Moreover, Israel’s Supreme Court judges are appointed by a committee of nine members dominated by the legal Establishment: while four members are elected officials, three are Supreme Court judges and two members of the Bar Association. This means essentially that the judicial Establishment, as a class, has a veto over judicial appointments, and that a situation is created by which a homogenous, endogamous, self-perpetuating Supreme Court is drawing judges from its own social milieu and ideological background. No other democratic country has descended into such distortions. On the contrary, direct appointment of judges by elected officials is the norm in democracies worldwide, and has not impaired the judges’ independence. In France, for instance, the members of the Constitutional Council are appointed by the presidents of the Republic, of the National Assembly and of the Senate, respectively, with the parliament’s approval. Former presidents of the Republic also sit on the Council.
There are many other outlandish sides to the present judiciary situation in Israel, like the fact that no full or qualified quorum of judges is required at the Supreme Court, and that major decisions are thus being taken by a tiny minority within the Court. Or that, based on a 1993 Supreme Court ruling, the counsel of the Government’s legal advisors nominated by the judiciary Establishment is binding. This can create an absurd situation by which legal advisors, whose task was meant to advise, are empowered to dictate policies to the elected government.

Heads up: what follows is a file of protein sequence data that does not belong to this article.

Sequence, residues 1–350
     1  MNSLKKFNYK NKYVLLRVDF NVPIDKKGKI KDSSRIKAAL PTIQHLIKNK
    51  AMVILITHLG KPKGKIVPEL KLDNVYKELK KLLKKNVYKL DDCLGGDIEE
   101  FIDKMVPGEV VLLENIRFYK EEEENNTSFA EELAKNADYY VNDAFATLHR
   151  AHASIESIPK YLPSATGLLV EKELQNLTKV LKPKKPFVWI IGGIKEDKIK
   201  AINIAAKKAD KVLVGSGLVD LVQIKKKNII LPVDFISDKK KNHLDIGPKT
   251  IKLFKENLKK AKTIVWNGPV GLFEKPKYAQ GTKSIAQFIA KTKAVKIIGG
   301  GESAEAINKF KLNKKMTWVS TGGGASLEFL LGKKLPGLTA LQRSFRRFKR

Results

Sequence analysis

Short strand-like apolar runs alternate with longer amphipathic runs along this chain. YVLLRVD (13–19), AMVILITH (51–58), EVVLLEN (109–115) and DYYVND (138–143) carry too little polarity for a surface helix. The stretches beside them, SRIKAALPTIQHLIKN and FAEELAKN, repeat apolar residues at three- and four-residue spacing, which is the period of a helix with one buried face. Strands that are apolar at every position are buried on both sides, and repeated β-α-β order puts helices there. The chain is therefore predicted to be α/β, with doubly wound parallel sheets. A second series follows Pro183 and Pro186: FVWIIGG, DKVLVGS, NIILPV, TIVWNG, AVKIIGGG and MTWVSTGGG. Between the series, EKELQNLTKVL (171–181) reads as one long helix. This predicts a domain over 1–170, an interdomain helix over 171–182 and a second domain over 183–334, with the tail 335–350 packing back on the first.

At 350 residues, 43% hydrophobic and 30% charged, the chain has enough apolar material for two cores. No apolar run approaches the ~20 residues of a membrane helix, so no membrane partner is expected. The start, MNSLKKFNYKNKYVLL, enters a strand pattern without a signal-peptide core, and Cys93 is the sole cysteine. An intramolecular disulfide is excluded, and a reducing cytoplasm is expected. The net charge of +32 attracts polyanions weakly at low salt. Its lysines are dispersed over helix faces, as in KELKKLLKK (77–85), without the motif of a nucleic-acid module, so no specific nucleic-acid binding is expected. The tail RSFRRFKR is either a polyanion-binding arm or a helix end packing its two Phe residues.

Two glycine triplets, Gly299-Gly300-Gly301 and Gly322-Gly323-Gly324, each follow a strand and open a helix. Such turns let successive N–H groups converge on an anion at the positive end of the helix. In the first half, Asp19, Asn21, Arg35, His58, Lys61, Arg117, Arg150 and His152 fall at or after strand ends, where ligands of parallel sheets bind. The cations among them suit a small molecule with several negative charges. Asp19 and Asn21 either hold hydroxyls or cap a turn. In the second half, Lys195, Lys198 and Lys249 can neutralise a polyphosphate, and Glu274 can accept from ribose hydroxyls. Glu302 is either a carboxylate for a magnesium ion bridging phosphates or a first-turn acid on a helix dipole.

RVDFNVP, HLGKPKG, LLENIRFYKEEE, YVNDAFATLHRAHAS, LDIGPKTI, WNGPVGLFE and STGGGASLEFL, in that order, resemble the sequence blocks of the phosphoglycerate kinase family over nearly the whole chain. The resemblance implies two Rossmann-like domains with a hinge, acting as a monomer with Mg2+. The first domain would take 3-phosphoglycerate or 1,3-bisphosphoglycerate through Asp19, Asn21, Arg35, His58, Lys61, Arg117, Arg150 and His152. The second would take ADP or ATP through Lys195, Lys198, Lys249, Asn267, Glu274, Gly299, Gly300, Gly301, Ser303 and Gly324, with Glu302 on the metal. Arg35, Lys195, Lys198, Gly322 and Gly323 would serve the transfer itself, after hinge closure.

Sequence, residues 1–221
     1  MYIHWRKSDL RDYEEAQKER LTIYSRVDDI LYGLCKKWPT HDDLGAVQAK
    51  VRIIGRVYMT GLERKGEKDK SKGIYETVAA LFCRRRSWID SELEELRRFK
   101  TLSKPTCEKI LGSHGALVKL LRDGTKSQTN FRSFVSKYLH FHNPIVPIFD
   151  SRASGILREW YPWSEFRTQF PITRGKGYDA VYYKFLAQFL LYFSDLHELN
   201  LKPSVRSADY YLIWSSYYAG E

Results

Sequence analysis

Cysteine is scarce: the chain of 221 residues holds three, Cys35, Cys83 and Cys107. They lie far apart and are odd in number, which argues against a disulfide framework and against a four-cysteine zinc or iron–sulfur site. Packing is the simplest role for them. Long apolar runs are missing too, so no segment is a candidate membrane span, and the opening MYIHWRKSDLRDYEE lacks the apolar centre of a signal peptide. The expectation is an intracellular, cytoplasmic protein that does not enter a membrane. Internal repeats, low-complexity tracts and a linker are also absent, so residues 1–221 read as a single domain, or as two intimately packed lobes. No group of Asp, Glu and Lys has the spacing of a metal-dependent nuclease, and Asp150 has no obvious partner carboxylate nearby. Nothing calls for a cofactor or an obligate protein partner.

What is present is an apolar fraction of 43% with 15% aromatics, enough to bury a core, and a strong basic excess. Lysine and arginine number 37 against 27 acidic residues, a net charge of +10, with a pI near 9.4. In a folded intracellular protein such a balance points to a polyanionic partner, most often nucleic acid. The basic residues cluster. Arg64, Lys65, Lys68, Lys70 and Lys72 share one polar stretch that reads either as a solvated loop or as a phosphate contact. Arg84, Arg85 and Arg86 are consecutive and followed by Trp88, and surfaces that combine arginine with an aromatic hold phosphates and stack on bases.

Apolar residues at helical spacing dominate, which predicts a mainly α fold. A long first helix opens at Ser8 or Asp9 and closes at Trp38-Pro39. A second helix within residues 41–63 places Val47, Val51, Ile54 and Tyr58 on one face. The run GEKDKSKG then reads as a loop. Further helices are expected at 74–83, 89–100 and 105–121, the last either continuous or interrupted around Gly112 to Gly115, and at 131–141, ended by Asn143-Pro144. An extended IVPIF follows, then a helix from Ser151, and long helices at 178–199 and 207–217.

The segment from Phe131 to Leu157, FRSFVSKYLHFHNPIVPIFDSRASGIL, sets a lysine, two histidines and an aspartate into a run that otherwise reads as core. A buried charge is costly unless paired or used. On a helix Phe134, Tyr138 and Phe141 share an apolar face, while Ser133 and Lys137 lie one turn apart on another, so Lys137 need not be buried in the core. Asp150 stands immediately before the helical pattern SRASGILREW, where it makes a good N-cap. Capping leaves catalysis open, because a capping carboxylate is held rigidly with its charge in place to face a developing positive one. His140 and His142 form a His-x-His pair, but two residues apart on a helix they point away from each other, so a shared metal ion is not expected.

Observers from distant planets will certainly wonder why a much needed reorganization of Israel’s judiciary elicited so much protest and near-hysterical turmoil, instead of being discussed and possibly corrected in an orderly manner. Indeed, more factors have been at work, including latent social, cultural and religious quarrels, or sheer political maneuvering. However, one may also wonder whether Israel’s crisis should not be seen as part of a more general crisis in the Western democratic world. Some parallels are to be drawn between the Benjamin Netanyahu government’s reform-related difficulties and the quasi-insurrection that President Emmanuel Macron is facing if he is to implement his own reform of the retirement system.